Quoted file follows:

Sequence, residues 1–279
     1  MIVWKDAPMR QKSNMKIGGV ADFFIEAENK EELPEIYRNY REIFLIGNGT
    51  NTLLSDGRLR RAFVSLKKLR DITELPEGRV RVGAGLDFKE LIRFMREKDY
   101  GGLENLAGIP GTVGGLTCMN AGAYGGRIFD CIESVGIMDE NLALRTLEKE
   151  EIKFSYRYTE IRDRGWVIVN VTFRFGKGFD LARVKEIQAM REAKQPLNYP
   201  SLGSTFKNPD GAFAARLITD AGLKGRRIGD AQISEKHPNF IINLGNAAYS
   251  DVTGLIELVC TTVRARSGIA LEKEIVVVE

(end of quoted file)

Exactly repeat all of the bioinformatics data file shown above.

Sequence, residues 1–279
     1  MIVWKDAPMR QKSNMKIGGV ADFFIEAENK EELPEIYRNY REIFLIGNGT
    51  NTLLSDGRLR RAFVSLKKLR DITELPEGRV RVGAGLDFKE LIRFMREKDY
   101  GGLENLAGIP GTVGGLTCMN AGAYGGRIFD CIESVGIMDE NLALRTLEKE
   151  EIKFSYRYTE IRDRGWVIVN VTFRFGKGFD LARVKEIQAM REAKQPLNYP
   201  SLGSTFKNPD GAFAARLITD AGLKGRRIGD AQISEKHPNF IINLGNAAYS
   251  DVTGLIELVC TTVRARSGIA LEKEIVVVE